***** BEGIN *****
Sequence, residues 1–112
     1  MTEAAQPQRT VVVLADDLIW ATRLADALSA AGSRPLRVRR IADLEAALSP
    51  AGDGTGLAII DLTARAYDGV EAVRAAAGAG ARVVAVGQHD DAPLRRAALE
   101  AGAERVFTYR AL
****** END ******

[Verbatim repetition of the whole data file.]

Sequence, residues 1–112
     1  MTEAAQPQRT VVVLADDLIW ATRLADALSA AGSRPLRVRR IADLEAALSP
    51  AGDGTGLAII DLTARAYDGV EAVRAAAGAG ARVVAVGQHD DAPLRRAALE
   101  AGAERVFTYR AL